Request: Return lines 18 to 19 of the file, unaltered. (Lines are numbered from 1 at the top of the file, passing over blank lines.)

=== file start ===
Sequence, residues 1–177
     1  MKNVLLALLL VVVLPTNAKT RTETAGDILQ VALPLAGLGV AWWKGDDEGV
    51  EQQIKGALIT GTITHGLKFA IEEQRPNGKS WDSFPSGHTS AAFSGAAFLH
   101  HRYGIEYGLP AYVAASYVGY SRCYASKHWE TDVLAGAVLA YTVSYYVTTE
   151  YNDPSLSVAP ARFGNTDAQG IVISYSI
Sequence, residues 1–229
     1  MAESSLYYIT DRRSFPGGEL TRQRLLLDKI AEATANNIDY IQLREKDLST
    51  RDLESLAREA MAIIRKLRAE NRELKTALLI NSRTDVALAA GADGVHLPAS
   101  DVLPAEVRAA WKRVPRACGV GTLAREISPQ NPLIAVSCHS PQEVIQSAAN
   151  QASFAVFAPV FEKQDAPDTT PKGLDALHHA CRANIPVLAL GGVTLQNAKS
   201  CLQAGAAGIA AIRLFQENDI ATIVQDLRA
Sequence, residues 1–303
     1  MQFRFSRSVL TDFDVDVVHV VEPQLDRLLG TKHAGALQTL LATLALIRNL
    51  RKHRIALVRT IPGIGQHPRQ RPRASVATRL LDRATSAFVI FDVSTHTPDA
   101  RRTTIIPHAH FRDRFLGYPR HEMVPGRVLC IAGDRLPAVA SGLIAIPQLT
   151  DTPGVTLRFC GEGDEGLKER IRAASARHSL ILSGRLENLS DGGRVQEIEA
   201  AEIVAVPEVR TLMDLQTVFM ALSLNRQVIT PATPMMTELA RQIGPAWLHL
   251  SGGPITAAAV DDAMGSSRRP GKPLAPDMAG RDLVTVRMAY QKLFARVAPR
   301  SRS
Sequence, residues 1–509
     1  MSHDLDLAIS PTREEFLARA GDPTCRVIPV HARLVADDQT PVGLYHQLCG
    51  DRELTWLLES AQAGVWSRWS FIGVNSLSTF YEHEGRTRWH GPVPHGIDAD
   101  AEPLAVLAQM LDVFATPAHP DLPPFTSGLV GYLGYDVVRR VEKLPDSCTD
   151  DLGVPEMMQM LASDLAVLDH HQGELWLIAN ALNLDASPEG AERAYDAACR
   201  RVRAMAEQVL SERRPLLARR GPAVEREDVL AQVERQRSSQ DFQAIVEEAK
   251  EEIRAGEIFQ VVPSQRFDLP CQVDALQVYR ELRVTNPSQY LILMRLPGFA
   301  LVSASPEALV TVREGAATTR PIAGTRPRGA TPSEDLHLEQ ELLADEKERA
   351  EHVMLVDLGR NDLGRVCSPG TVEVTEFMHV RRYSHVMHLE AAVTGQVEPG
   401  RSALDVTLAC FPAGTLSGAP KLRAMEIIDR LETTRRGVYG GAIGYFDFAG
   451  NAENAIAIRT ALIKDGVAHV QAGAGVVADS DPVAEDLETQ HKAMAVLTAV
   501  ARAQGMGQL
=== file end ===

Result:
   251  SGGPITAAAV DDAMGSSRRP GKPLAPDMAG RDLVTVRMAY QKLFARVAPR
   301  SRS